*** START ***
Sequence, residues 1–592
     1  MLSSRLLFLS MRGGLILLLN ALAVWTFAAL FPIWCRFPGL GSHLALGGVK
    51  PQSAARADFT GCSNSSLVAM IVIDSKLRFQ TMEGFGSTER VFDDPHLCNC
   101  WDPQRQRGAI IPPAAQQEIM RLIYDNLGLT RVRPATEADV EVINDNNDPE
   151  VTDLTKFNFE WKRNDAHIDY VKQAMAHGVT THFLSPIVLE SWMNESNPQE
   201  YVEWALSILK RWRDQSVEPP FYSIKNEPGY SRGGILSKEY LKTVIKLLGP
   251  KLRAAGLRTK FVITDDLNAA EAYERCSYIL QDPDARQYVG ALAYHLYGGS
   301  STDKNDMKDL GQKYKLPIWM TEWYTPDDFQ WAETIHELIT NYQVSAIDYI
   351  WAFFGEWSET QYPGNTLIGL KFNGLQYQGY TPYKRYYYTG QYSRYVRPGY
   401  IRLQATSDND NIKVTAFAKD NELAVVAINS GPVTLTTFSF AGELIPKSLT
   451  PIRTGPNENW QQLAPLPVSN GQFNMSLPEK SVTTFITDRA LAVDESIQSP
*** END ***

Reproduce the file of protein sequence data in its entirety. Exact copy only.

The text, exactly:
Sequence, residues 1–592
     1  MLSSRLLFLS MRGGLILLLN ALAVWTFAAL FPIWCRFPGL GSHLALGGVK
    51  PQSAARADFT GCSNSSLVAM IVIDSKLRFQ TMEGFGSTER VFDDPHLCNC
   101  WDPQRQRGAI IPPAAQQEIM RLIYDNLGLT RVRPATEADV EVINDNNDPE
   151  VTDLTKFNFE WKRNDAHIDY VKQAMAHGVT THFLSPIVLE SWMNESNPQE
   201  YVEWALSILK RWRDQSVEPP FYSIKNEPGY SRGGILSKEY LKTVIKLLGP
   251  KLRAAGLRTK FVITDDLNAA EAYERCSYIL QDPDARQYVG ALAYHLYGGS
   301  STDKNDMKDL GQKYKLPIWM TEWYTPDDFQ WAETIHELIT NYQVSAIDYI
   351  WAFFGEWSET QYPGNTLIGL KFNGLQYQGY TPYKRYYYTG QYSRYVRPGY
   401  IRLQATSDND NIKVTAFAKD NELAVVAINS GPVTLTTFSF AGELIPKSLT
   451  PIRTGPNENW QQLAPLPVSN GQFNMSLPEK SVTTFITDRA LAVDESIQSP